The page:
Burma’s Prisoners of Conscience

By Joseph Zeitlyn
Source: The Guardian

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This year’s Burma human rights day, on earlier in the month was commemorated by the launch of an international petition (http://www.fbppn.net/?page_id=5) campaign to free political prisoners in Burma. Lead by the Assistance Association for Political Prisoners and the Forum for Democracy it was supported by around 170 civil society groups globally with events from Dublin to Tokyo.

Inevitably this launch and most of the publicised activism occurred outside Burma, with former prisoners and activists rallying concerned folk globally, and inevitably the notion that the petition be aimed at those who hold the key to the over 2,100 prisoners of conscience’s cells is not even considered.

The petition campaign was added weight by a landmark judgement of the UN Working Group on Arbitrary Detention this week. It stated that not only was the detention of Burma’s most famous prisoner and Nobel Laureate, Aung San Suu Kyi illegal by international law but by those of her own government. Whilst such a statement may be routine from western opposition activists it is rare for the UN to make such a questioning statement about a member nation’s own laws.

The judgement hinged on the reason that Suu Kyi was in detention (already incidentally almost a year longer than her original sentence). One reason being that she would disturb the peace and ‘tranquillity of the state’, an excuse that the working group comprising of lawyers and impartial participants from Russia, Senegal and Pakistan found to be contentious. With the number of political prisoners having doubled since 2007 it is perhaps the most debilitating of issues for any chance of reconciliation or democratic progress in Burma. It castrates society of viable dialogue and leadership through internment and the fear that this breeds in those not detained. It eradicates many of the most original and inspiring voices from the nations life.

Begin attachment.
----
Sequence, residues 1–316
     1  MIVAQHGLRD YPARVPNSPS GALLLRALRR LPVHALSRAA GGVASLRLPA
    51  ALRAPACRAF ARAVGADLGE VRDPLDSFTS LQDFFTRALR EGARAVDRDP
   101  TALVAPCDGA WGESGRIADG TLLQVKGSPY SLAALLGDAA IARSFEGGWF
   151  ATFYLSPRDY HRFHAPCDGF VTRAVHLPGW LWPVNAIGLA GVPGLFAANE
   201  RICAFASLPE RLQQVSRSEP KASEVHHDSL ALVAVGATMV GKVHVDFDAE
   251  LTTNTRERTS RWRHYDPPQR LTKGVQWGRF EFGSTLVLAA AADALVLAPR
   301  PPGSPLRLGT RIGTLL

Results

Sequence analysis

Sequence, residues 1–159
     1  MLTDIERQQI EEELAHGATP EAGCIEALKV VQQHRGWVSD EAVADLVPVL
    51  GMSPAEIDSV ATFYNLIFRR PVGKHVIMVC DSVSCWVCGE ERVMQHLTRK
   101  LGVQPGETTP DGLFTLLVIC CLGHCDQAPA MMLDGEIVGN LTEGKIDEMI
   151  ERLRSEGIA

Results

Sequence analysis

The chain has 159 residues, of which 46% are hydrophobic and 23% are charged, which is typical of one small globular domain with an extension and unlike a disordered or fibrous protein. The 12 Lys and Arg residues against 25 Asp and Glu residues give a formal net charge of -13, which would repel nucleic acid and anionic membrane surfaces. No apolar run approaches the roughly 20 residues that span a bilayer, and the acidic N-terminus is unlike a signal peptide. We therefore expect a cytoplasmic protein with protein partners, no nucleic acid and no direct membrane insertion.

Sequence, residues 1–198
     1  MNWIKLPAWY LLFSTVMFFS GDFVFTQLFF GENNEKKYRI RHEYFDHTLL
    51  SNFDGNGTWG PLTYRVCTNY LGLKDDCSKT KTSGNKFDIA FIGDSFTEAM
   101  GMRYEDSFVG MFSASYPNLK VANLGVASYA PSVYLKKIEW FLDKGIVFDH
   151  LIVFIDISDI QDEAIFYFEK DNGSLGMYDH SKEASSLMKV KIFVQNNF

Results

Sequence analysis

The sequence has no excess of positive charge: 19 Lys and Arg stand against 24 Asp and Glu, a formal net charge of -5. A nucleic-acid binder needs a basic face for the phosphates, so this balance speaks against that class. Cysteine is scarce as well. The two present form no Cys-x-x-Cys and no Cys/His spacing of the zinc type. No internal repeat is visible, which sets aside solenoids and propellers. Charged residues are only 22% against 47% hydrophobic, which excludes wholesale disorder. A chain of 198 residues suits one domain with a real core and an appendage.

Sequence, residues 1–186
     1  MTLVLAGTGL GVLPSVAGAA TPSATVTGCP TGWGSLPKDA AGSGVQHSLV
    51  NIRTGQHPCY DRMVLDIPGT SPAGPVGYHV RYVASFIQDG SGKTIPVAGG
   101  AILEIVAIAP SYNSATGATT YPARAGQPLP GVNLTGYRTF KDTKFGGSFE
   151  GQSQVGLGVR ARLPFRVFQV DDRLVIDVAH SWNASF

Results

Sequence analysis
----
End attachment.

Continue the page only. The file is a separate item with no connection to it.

Perhaps the most vindictive of prosecutions are those given to people for helping out the victims of cyclone Nargis. Last week Min Thein Tun was sentenced to 17 years in jail for co-ordinating relief via the Internet. He will join Eint Khaing Oo, a young, award-winning journalist on the list; her ‘crime’ was the simple act of interviewing a victim.

Whilst democracy is referred to like a brand, its principles, namely freedom of speech and association are feared, by the regime, to the extent that even these actions that are not conspicuously anti government in any form are ruthlessly suppressed. The ideas and actions of the slightly humanistic or questioning are painfully at odds with the notions of politics that are held by the junta.

Despite ‘show boating’, as senior analyst and journalist Larry Jagan has called certain government PR offensives the numbers seem no sign of diminishing. In fact the incident of ‘showboating’ referred to was a release of over 6,000 prisoners. Out of that total a mere 20 odd were political, who, according to Bo Kyi of the Assistance Association for Political Prisoners, had largely served lengthy sentences already. Indeed if the release of such a large number of genuine criminals is not bad enough it has been suggested that the clear out was to free up cells for incoming politicals.

If that is the case it could well be because of next years supposed election. Which is set to be a strange affair if the constitution, that it is based on, is anything to go on. It is a charter that explicitly legitimates military rule, was illegal to campaign against and was ‘voted’ in by a staggering 98% of the vote. A result that is indicative of the ridiculousness of the whole charade, as UN constitutional expert, Yash Ghai noted;

The cynicism with which the regime held the referendum and manipulated the results was on a par with the cynicism and coercion by which the draft was prepared.